Burnley are content to work to their tried and tested modus operandi, sitting deep, soaking up the pressure and punishing opposition errors. There are ideally set up to wreak havoc on the counter-attack, with a midfield designed to pinch possession and feed a target man – mostly regularly the underrated New Zealand striker Chris Wood, who usually features as part of a traditional ‘big man, little man’ strike partnership. Dyche’s side is somewhat disrupted presently, with Burnley having seven starters on the treatment table at the moment.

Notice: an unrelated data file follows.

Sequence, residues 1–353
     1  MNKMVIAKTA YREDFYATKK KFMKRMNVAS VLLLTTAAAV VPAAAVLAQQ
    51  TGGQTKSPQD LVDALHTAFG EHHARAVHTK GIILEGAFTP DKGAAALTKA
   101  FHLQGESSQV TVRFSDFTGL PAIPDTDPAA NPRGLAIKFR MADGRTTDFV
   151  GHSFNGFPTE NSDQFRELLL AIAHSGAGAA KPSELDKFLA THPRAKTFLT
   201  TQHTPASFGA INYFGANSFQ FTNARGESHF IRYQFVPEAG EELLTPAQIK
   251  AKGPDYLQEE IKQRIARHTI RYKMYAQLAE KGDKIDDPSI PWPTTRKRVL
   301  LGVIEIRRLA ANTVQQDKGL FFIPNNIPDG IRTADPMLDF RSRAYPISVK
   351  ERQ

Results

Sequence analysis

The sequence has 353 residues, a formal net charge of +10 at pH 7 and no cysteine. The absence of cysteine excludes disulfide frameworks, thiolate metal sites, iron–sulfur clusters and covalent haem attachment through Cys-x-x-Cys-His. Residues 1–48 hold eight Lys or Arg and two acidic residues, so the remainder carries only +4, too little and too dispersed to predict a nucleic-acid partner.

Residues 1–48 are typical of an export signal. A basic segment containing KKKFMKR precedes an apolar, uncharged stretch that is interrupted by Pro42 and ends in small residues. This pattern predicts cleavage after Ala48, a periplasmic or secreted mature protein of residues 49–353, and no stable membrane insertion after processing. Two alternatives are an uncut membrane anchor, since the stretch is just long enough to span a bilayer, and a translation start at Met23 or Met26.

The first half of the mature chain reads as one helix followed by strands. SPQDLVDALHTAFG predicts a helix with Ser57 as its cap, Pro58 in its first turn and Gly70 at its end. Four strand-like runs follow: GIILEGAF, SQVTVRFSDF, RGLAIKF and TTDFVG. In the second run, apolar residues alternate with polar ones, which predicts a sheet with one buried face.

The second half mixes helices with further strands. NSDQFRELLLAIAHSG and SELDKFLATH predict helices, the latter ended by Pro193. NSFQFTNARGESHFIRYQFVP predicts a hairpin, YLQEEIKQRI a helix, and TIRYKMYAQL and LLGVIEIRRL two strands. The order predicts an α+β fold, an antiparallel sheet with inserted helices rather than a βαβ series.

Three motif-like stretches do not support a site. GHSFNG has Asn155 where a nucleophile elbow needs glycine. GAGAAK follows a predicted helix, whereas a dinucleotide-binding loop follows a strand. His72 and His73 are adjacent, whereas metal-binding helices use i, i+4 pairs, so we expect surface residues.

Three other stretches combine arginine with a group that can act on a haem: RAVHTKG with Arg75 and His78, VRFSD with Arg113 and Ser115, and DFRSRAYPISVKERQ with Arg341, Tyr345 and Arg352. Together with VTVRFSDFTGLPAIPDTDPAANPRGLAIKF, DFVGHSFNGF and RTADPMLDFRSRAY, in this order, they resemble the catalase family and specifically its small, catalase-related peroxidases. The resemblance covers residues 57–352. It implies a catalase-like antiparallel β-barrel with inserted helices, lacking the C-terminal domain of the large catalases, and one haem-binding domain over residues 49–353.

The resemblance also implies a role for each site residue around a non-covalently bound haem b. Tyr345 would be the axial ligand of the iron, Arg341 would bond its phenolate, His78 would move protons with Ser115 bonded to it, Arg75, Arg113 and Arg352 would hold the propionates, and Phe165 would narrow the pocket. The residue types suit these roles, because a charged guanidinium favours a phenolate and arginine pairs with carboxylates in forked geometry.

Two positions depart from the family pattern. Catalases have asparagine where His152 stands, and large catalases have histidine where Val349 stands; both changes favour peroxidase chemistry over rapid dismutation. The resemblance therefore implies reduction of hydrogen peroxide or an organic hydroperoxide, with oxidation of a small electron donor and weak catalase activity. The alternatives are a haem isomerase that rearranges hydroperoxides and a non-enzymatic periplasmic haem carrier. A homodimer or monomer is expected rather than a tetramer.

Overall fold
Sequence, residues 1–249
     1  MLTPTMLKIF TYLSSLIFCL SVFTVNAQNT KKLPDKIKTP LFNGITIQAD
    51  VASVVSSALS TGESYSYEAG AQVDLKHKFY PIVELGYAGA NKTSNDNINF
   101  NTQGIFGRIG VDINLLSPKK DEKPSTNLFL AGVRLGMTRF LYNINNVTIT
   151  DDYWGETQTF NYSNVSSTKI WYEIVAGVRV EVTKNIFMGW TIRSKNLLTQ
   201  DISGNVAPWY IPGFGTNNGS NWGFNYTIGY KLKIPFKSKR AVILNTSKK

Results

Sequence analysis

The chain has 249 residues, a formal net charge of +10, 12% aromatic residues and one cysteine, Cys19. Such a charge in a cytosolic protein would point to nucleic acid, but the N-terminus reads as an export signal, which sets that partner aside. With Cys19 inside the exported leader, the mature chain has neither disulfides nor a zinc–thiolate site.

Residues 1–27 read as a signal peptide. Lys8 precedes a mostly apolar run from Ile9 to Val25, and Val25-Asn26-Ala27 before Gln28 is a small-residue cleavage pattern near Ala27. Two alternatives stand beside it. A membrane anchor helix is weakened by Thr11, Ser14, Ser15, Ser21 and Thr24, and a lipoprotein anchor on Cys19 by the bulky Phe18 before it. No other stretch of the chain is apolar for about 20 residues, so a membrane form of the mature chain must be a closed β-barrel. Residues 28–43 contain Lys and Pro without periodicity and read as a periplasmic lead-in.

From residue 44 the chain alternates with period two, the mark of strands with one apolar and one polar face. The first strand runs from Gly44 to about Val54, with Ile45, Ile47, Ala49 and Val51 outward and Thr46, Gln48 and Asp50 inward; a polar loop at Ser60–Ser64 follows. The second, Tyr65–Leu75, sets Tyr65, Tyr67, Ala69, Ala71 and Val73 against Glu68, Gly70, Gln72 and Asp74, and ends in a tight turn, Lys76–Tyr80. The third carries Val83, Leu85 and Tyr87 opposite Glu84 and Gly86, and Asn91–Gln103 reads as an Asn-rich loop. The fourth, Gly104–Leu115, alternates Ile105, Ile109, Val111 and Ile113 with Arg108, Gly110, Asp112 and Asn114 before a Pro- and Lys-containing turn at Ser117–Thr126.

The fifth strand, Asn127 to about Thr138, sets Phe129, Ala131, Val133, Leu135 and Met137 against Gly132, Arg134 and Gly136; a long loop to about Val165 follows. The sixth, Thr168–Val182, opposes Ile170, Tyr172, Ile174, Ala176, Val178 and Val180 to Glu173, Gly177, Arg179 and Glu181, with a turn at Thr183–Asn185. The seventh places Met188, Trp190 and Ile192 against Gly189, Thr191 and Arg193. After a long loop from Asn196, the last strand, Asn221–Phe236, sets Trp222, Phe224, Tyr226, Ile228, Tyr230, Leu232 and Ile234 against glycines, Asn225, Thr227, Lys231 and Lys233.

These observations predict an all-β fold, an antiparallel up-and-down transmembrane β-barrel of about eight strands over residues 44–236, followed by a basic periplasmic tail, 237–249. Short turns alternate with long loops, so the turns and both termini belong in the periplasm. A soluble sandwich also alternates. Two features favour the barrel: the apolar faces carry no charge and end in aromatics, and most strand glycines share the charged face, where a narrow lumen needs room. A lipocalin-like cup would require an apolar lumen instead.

This includes top scorer Wood and former Fulham academy graduate Johann Berg Gudmundsson, the Icelandic winger, who scored one of Burnley’s goals in their impressive 3-0 win at Crystal Palace last weekend. The injury list extends to both of Burnley’s natural left backs, in former Leeds defender Charlie Taylor and Dutch full-back Erik Pieters, and – perhaps most importantly – centre half Ben Mee. The commanding Mee, who will miss the Fulham game through the concussion protocols after sustaining a head injury at Selhurst Park, is a leader who forms a formidable partnership with former Brentford defender James Tarkowski at the heart of Dyche’s first choice back four. Burnley lost five of the six games he has missed this season, conceding twelve goals. In the period that Mee was out of the side, Burnley have lost 45.5% of their total eleven defeats this season and conceded 41.4% of the 29 goals they’ve let in.